The Organic debate   



The Organic Debate

 
The last decade has seen the organic food industry boom around the world. But does consumming organically grown produce make a difference to our health? These findings appear in this month's American Journal of Clinical Nutrition:

1. The Organic Center (TOC), a pro-organic non-profit research organisation in Rhode Island, US, concluded that organic foods offer 25 percent more nutrients than conventional foods.

2. Researchers at University of California claim to have found higher levels of nutrients in organic tomatoes, kiwifruit, corn and strawberries grown side-by-side with conventional versions.

3. A review commissioned by Britain's Food Standards Agency (FSA) and conducted by the London School of Hygiene and Tropical Medicine, studied 50 years of published data and concluded that organic food contained no more nutritional value than food grown traditionally.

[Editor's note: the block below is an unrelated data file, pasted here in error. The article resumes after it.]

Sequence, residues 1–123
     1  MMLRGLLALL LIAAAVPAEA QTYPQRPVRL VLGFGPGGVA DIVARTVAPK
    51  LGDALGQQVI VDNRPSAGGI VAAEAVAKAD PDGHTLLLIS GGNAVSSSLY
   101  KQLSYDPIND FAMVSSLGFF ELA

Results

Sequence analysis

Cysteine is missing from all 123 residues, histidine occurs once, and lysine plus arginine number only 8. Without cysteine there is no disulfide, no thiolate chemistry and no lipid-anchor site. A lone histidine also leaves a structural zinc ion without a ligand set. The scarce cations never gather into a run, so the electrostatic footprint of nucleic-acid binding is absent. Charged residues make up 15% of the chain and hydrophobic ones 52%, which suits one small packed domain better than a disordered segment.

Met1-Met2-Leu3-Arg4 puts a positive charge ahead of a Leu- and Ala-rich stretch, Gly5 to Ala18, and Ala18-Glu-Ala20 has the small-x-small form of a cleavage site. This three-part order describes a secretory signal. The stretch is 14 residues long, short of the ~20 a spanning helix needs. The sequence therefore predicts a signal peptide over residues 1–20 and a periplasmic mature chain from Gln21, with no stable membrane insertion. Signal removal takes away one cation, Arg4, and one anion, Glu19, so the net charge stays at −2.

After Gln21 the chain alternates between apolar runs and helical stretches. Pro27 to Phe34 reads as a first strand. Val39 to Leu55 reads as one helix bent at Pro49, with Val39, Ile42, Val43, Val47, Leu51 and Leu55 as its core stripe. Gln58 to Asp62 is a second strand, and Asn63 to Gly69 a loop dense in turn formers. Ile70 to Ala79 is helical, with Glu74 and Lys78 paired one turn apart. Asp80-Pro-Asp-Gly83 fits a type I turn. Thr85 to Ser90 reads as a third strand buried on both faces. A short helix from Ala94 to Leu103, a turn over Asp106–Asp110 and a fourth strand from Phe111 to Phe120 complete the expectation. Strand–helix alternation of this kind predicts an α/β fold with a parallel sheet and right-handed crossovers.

So who do we believe? Gill Fine, the FSA's director of consumer choice and dietary health, said the study was about ensuring people have accurate information in order to make informed choices about the food they eat.

"This study does not mean that people should not eat organic food," she said. "What it shows is that there is little, if any, nutritional difference between organic and conventionally produced food and that there is no evidence of additional health benefits from eating organic food. "What all findings forget to mention is that the lack of pesticide use –the main reason people buy organic- in organic food was not taken into account for the purpose of these studies.
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Happy reading,
Evelyn


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